Two years ago, our Supreme Court voted to allow “open access” to year-round fishing, seasonal canoeing and kayaking, and even swimming in Montpelier’s sole source of drinking water, Berlin Pond. You may have driven by the pond, on the west side of Interstate 89 at Exit 7. Before May 2012, the pond was off limits to any recreation other than bird-watching from its shores or running, walking or cycling on the surrounding roadways. Berlin Pond, a small, shallow and silt-bottomed body, has already changed.
The drinking water of our Capital City is now additionally threatened by a proposal to increase “open access” with the construction of a boat launch and boat washing station on the pond, bringing with it the possibility of gasoline and other fuel leaks from snowmobiles, trucks or ice augers, all of which transportation and recreation devices are currently allowed on or near the pond. Prolonged or increased human contact will necessitate the increase of chlorine to disinfect Montpelier’s drinking water, and without expensive changes to the filtration plant, petroleum contamination cannot be filtered or even detected.
Water recreation on a municipal drinking water source the size of Berlin Pond should not be allowed. Excellent fishing and boating ponds, lakes and rivers abound in our beautiful state, many within an hour’s drive of the capital area.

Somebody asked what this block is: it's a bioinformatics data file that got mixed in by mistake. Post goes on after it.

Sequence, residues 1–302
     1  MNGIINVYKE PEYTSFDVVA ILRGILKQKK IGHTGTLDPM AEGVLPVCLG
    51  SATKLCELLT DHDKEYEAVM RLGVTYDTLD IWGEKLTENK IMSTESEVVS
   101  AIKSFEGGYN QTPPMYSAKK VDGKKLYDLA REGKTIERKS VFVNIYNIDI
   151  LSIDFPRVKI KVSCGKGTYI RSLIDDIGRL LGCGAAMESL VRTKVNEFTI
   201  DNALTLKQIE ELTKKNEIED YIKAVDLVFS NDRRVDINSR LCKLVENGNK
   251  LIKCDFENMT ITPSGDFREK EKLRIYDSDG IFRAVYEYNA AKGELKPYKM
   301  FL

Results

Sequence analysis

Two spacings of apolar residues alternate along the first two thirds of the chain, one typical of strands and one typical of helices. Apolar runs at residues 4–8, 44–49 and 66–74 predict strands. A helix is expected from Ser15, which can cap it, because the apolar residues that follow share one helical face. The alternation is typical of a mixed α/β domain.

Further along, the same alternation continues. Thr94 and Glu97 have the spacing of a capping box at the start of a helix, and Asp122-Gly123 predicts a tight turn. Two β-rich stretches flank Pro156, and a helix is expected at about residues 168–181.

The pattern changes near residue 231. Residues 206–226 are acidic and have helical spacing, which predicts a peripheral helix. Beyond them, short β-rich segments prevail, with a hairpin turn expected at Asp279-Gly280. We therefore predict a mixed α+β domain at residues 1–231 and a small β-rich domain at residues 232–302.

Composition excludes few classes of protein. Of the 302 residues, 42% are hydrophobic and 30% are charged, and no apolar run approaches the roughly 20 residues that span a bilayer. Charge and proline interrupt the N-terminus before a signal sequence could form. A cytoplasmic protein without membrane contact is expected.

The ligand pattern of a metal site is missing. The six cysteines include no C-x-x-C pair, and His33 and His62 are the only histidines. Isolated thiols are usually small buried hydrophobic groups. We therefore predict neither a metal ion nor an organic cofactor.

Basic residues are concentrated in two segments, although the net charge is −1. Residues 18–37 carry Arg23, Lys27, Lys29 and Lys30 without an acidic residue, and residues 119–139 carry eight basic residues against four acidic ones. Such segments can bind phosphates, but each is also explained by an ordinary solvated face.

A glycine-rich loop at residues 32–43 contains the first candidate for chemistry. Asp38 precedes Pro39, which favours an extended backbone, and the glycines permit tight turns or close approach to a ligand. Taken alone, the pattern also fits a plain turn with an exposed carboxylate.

Citizens to Protect Berlin Pond has petitioned our state’s Agency of Natural Resources to restore the pond to its protected status. On May 27 from 6 to 8 p.m., at the Berlin Elementary School, the ANR will hold a public hearing on this petition.
The number of people present at this hearing who are in favor of returning the pond to full protection will affect the ANR’s final decision.
We are asking everyone who cares about clean drinking water to be present.
The petition has the full backing of Montpelier Mayor John Hollar, the Montpelier City Council, Montpelier Conservation Commission and Berlin Conservation Commission.
Please contact your legislators, or Laura Wood at the Department of Environmental Conservation, and ANR Secretary Deborah Markowitz about this matter.
As you know, our state is recognized as a national leader in environmental protection. To have its capital city’s drinking water supply marginalized would have, we believe, consequences far beyond Vermont.
This is not a Montpelier problem. The ANR decision will affect every city and town and hamlet in our state, and will have a long-term ripple effect across our nation.
Joseph Whelan is the secretary and Melissa Perley is the president of Citizens to Protect Berlin Pond.
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